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Md.’s new transportation chief explains ‘practical design’ approach to Purple Line

Pete Rahn, the newly appointed Maryland transportation secretary under Gov. Larry Hogan (R) is seen at the BWI MARC station on Thursday, Feb. 12, 2015 in Linthicum, Md. (Amanda Voisard/For the Washington Post)
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Want to know more about what Maryland’s acting transportation secretary is thinking as he considers whether the state should build a $2.45 billion light-rail Purple Line?

In his first sit-down interview Feb. 12, Pete K. Rahn told The Washington Post that he and his staff are reviewing whether a 16-mile transit line between Montgomery and Prince George’s counties could be built for less money. (During the gubernatorial campaign, Rahn’s new boss, Maryland Gov. Larry Hogan (R), called a Purple Line and a $2.9 billion Red Line planned for Baltimore too expensive.)

In a Feb. 15 story, Rahn said he and MDOT staff are reviewing the costs at different “decision points” along the Purple Line’s decade-long planning process, including designs for the 21 stations and the choice of a light-rail train line over a less expensive rapid bus system.

Here are more of Rahn’s Purple Line insights that didn’t fit into our profile of the new transportation chief:

“I’m sure everyone is aware we’re looking at its costs,” said Rahn, a former transportation chief in New Mexico and Missouri. That includes, he said “what the need was for every feature in the project.”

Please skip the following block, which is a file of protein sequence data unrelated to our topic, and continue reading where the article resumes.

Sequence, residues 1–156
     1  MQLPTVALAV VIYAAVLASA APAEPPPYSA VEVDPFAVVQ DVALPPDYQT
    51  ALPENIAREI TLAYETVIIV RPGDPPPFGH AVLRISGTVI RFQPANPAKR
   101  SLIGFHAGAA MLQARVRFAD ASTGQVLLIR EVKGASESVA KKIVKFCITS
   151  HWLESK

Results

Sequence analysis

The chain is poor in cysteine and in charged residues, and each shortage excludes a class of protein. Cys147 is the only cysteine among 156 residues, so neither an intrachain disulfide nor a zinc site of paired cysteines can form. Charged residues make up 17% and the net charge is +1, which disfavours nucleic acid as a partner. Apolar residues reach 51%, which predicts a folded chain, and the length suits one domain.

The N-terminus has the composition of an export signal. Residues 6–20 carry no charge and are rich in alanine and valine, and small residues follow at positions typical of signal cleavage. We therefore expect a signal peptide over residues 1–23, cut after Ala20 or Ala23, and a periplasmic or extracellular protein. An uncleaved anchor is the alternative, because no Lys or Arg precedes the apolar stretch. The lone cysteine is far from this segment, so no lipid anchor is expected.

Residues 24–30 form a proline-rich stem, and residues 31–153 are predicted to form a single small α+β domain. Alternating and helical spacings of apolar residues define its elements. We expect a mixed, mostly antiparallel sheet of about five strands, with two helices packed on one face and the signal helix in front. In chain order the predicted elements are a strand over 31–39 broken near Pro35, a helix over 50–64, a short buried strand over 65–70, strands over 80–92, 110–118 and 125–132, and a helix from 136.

Rahn, whose nomination is pending Senate confirmation, said he’s focused on “practical design,” an approach he used in both New Mexico and Missouri. He defined “practical design” this way: “You prioritize the needs of the system over the wants of a project … When we deliver a project that meets the needs for less money, there are more resources for other needs in the system.”

That includes, he said, examining “the value of all those extras” and “how much in a project is wants and how much is need?”

Engineers who design transportation projects, he said, often are trained “to address every conceivable thing that could go wrong” rather than use a more practical, cost-efficient approach. For example, he said, the Missouri highway department once used a 17-inch across-the-board standard for the thickness of new pavement, whether a road was being built atop hard rock or soft clay.

“Practical design says if we know we’re building on rock, we don’t need 17 inches of pavement,” he said.

On a light-rail line, Rahn said, long-term operating costs could be reduced by running trains less frequently.

He said no decisions have been made about possible cost-cutting measures but that he doesn’t foresee changing the proposed route or building only part of the 16-mile alignment planned between Bethesda and New Carrollton. He noted that rapid-bus systems are cheaper to build but more expensive to operate long-term.

Ultimately, Rahn said, Hogan will decide whether building a Purple Line — in whatever form, at whatever cost — is worth it.

“I’m viewing this from the standpoint of ‘Let’s see the best number we can come up with from a practical design approach,’ ” Rahn said. “I plan to give [Hogan] options.”

Bid proposals for a 35-year public-private partnership in which a team of private companies would design, build and operate a Purple Line, in addition to helping finance its construction, are due March 12. Rahn said the state might extend that deadline if bidders think they could do more to reduce costs, he said.

Rahn said he hopes to make a recommendation to the governor ​before the General Assembly adjourns in April.

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